Brittney Lohmiller / The Natchez Democrat — Bay Path College history professor Bob Surbrug takes a photo of Kiara Pichardo holding one of the dogs at the Adams County Humane Society on Friday. Surbrug teaches “The Mississippi River and American Culture,” which focuses on cities along the Mississippi River. The students were spending one night in Natchez before continuing to New Orleans on a trip for the class. In Natchez, the group walked dogs and in New Orleans they worked with Habitat for Humanity.
Brittney Lohmiller / The Natchez Democrat — Bay Path College history professor Bob Surbrug takes a photo of Kiara Pichardo holding one of the dogs at the Adams County Humane Society on Friday. Surbrug teaches “The Mississippi River and American Culture,” which focuses on cities along the Mississippi River. The students were spending one night in Natchez before continuing to New Orleans on a trip for the class. In Natchez, the group walked dogs and in New Orleans they worked with Habitat for Humanity.

Through the Viewfinder: Making ‘furry’ friends

Published 12:04am Tuesday, January 14, 2014

NATCHEZ — At the Natchez-Adams County Humane Society on Friday, 15 students from Bay Path College in Longmeadow, Mass., set to work walking excited dogs and playing with many puppies.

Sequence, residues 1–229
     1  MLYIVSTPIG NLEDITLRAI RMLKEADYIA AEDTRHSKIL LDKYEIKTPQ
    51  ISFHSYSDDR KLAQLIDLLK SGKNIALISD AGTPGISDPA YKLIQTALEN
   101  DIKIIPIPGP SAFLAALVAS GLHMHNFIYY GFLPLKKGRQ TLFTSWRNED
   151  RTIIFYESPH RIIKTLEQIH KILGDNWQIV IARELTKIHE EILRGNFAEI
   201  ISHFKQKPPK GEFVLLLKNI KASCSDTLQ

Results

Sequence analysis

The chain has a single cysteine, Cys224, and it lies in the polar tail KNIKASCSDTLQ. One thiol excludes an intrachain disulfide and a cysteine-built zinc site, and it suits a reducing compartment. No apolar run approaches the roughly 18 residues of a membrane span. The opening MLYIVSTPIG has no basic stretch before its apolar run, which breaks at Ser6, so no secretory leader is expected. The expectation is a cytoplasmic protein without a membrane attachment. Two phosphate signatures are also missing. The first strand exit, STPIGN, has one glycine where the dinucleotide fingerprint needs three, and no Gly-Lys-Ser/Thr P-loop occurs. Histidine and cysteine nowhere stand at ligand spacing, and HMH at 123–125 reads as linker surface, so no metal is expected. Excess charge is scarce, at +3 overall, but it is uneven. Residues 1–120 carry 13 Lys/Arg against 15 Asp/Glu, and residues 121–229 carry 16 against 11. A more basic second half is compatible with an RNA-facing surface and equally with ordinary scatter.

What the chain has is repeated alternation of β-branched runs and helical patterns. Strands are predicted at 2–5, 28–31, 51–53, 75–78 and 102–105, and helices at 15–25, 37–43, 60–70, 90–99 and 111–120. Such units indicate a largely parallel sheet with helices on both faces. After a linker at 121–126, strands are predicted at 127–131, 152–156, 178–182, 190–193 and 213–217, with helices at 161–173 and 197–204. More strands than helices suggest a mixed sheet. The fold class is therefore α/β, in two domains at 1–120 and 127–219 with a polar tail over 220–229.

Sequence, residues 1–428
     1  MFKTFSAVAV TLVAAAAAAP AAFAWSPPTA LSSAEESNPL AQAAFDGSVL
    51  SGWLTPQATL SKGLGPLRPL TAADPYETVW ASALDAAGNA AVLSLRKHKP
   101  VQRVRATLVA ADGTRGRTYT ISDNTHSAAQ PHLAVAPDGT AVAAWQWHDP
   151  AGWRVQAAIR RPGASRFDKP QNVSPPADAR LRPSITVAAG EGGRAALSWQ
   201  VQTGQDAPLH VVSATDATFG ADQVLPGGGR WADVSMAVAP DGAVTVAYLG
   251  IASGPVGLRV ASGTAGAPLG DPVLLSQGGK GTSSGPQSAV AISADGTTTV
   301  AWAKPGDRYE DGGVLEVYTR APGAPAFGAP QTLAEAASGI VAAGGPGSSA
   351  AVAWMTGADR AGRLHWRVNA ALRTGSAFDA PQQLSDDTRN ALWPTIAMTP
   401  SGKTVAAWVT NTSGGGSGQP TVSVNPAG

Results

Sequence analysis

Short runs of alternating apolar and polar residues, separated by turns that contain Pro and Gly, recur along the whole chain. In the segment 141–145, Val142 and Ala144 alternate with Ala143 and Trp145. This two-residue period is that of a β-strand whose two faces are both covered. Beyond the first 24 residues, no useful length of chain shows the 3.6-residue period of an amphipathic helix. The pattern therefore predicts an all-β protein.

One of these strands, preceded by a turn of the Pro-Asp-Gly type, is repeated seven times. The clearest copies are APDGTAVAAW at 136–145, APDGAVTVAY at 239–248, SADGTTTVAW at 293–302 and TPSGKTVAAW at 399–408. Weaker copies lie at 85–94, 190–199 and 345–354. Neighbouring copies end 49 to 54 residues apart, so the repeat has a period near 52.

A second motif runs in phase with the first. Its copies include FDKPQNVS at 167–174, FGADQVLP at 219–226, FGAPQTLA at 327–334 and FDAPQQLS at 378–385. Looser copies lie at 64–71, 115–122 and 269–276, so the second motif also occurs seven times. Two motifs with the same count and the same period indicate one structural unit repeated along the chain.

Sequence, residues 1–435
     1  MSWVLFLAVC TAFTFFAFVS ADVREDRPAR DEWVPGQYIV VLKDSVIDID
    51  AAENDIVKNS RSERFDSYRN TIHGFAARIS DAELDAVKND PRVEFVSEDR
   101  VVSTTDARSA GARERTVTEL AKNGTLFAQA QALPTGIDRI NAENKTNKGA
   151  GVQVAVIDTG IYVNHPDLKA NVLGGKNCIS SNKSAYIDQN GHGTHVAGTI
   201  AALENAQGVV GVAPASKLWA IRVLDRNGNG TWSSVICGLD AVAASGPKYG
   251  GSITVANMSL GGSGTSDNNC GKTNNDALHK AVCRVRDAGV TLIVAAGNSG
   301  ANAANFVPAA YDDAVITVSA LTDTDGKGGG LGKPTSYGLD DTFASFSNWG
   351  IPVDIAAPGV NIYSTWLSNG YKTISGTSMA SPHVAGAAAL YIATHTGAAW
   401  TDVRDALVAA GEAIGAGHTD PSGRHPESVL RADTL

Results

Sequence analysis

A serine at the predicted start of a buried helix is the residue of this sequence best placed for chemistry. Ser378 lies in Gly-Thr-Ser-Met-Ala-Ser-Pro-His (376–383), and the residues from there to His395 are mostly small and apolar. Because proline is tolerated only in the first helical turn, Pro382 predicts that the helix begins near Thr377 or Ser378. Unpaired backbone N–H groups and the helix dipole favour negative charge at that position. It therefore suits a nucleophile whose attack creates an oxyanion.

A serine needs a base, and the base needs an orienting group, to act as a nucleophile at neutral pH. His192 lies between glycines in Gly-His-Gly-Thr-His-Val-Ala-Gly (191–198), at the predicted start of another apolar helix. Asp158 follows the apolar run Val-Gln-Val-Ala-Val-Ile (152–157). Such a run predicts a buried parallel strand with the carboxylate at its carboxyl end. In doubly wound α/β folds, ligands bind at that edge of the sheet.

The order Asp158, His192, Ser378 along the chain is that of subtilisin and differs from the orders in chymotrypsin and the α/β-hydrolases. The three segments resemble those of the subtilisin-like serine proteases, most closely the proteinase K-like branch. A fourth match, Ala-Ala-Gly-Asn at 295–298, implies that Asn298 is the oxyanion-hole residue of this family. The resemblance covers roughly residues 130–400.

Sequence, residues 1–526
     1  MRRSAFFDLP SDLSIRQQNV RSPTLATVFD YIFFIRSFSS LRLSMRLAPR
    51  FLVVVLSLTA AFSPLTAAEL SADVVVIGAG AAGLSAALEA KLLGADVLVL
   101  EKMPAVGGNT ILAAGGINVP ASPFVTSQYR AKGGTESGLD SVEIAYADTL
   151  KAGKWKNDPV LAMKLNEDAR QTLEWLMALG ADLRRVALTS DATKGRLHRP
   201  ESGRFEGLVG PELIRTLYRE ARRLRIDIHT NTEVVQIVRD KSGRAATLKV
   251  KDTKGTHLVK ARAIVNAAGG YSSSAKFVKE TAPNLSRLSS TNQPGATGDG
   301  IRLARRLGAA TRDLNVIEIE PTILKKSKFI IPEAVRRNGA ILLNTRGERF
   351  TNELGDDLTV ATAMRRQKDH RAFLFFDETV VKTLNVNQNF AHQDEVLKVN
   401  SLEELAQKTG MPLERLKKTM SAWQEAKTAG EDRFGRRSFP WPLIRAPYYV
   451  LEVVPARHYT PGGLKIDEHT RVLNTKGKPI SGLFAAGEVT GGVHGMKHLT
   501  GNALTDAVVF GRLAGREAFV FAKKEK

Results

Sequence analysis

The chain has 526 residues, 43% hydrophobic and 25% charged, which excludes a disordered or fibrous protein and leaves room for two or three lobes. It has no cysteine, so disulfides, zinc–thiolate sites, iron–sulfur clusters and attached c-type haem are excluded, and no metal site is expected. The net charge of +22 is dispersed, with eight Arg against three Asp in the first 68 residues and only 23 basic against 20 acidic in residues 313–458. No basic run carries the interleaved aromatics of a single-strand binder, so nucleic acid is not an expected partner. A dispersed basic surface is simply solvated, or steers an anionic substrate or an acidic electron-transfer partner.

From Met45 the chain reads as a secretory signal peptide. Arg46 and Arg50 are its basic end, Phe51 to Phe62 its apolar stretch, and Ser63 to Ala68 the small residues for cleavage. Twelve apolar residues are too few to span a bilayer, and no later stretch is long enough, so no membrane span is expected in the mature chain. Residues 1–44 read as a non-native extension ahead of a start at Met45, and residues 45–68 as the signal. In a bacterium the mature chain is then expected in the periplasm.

The group of students visited the humane society as part of their trip through St. Louis, Memphis, Natchez and New Orleans for a history lesson about the Mississippi River and how it shaped the region’s music, culture, industry and food.

Brittney Lohmiller / The Natchez Democrat — Bay Path College students look out at the Mississippi River from the bluff on Friday.
Brittney Lohmiller / The Natchez Democrat — Bay Path College students look out at the Mississippi River from the bluff on Friday.

“It’s a great combination of academia and community service,” assistant director of student activities at Bay Path College and trip organizer Michelle Mirti said as she snapped photos of students.

“Zack (the dog) is giving me a workout,” Bay Path College senior, Chadsey Gray said. “But it’s nice to get out and work with the dogs.”

Inside the crowded humane society, students spent time Friday holding puppies.

“We’ve enjoyed the trip,” history professor Bob Surbrug said as he took a photo of Kiara Pichardo with a puppy.

As the puppy falls asleep in Pichardo’s arms, a smile spread across her face.

“Oh I want you to come back to New Jersey with me,” Pichardo said. “He’s under 20 pounds, I think he’d fit in my suitcase.”

Along with volunteering at the humane society, the group also helped work on a Habitat for Humanity home in New Orleans for a family who lost their house during Hurricane Katrina.

“This has been one of my favorite community services projects so far,” Bay Path College senior Kelley Wilbur said. “I really like working with animals.”

Before ending Friday with a dinner at Monmoth Plantation, Surbrug took the class out to the bluff to see the river.

“We first saw the Mississippi when we were in St. Louis, but it wasn’t more than a trickle there,” Surbrug said.

“Natchez will be the first place where they’ll be impressed by the river.”